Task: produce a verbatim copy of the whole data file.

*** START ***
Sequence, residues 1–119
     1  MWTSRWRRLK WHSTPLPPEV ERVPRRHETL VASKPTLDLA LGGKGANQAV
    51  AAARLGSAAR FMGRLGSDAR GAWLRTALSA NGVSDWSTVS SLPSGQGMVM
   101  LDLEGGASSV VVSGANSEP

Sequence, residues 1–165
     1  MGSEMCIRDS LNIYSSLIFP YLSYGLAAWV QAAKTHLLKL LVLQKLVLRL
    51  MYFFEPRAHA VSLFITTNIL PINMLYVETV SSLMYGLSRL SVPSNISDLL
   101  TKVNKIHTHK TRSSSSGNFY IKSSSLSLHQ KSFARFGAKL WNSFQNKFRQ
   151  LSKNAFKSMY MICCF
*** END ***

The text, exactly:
Sequence, residues 1–119
     1  MWTSRWRRLK WHSTPLPPEV ERVPRRHETL VASKPTLDLA LGGKGANQAV
    51  AAARLGSAAR FMGRLGSDAR GAWLRTALSA NGVSDWSTVS SLPSGQGMVM
   101  LDLEGGASSV VVSGANSEP

Sequence, residues 1–165
     1  MGSEMCIRDS LNIYSSLIFP YLSYGLAAWV QAAKTHLLKL LVLQKLVLRL
    51  MYFFEPRAHA VSLFITTNIL PINMLYVETV SSLMYGLSRL SVPSNISDLL
   101  TKVNKIHTHK TRSSSSGNFY IKSSSLSLHQ KSFARFGAKL WNSFQNKFRQ
   151  LSKNAFKSMY MICCF